1200 – King John of England marries his second wife, the teenaged Isabella of Angouleme. The marriage would last until John’s death, and produce several children, including the future Henry III.
1561 – William the Silent, Prince of Orange and Stadtholder of the Netherlands marries his second wife, Anna of Saxony. The married would only last nine years, until William died. The marriage was unhappy, but they managed to have five children.
1113- Geoffrey Plantagenet, Count of Anjou is born in France. At age 15, he was married to Matilda, former Holy Roman Empress, and daughter of King Henry I of England. She was 11 years his senior, and the marriage was unhappy. Geoffrey fought for his wife’s cause during The Anarchy, a civil war in which she pressed her claim to rule England. He died suddenly at age 38, but his son, Henry, would go on to be King Henry II of England.
1198 – Alexander II of Scotland is born to William I Ermengarde de Beaumont. In 1214, he succeeded his father as King of Scots, after spending time in the English court, even being knighted by King John. He even married John’s daughter, Joan of England. However, he would spend part of his reign at war with his brother in law, Henry III of England. Sadly Joan died early, and they had no children. Alexander remarried in 1239, and with his second wife, Marie de Coucy, they would have the future Alexander III. He died in 1249, at age 50, while in the Hebrides, trying to reclaim them from Norway.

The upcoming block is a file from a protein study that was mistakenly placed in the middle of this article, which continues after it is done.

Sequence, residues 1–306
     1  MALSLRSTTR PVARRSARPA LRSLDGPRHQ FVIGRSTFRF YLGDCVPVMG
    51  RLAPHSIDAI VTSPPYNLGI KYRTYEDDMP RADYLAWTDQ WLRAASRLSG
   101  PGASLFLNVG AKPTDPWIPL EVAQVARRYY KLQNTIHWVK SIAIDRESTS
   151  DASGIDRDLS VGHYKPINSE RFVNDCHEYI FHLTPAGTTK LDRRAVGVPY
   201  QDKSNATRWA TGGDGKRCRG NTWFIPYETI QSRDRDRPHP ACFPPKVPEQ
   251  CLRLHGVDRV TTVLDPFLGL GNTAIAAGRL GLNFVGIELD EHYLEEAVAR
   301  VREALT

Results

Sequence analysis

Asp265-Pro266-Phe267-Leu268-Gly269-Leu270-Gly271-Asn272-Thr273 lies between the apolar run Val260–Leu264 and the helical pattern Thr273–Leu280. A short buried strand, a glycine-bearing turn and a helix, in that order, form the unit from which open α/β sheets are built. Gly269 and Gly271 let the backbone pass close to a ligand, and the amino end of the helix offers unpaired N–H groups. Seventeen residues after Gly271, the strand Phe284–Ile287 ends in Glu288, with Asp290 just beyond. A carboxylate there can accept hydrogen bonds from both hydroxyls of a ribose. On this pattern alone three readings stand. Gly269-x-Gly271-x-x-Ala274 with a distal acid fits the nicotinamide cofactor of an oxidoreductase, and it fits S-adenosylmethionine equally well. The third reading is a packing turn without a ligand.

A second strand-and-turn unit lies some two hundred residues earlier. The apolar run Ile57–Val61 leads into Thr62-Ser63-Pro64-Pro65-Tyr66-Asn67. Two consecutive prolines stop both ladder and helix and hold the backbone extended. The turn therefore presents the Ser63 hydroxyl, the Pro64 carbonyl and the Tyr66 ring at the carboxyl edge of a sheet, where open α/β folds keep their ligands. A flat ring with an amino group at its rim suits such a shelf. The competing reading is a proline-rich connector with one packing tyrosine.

1758 – Duchess Sophia Frederica of Schwerin-Mecklenburg is born in Germany. In 1774, she married Danish Hereditary Prince Frederick. They were not unhappy, and mostly friendly to each other, but carried on affairs. Sophia and Frederick had five children to survive, including the future King Christian VIII. She died in 1794, at the age of 36.
1772 – William I of the Netherlands was born in The Hague. His parents were William V, Prince of Orange, and last Stadtholder of the Dutch Republic, and Princess Wilhelmina of Prussia. As a young man, he served in the Dutch military against the First French Republic. However, in 1795, they were defeated, and his family was overthrown and forced to flee. Later, he returned to the continent and fought against the French again, during the Napoleonic Wars. In 1815, after the defeat and overthrow of the Bonaparte family, who briefly ruled the Netherlands, he was installed as King of the Netherlands. His rule was eventful, and saw the Belgian revolution and many constitutional changes, and the conservative William abdicated in 1840, three years before his death.
1865 – The future Ferdinand I of Romania is born in Sigmarigen, Germany. In 1886, after his father renounced his claim, Ferdinand became heir to his uncle, Carol I of Romania. He was not forced to convert to Eastern Orthodoxy from Catholicism, but was required by Parliament to raise his children in the state religion. He was excommunicated for this, but later re-admitted to the church. In 1893, he married the indomitable Marie of Edinburgh, also known as Marie of Romania. In 1914, he became King, and ruled through the whole of World War I, fighting against the German House of Hohenzollern, who Ferdinand was related to, to great offense of Wilhelm II of Germany. He passed away in 1927, leaving the Romanian throne to his young grandson, Michael I, the last king of Romania.
No major deaths.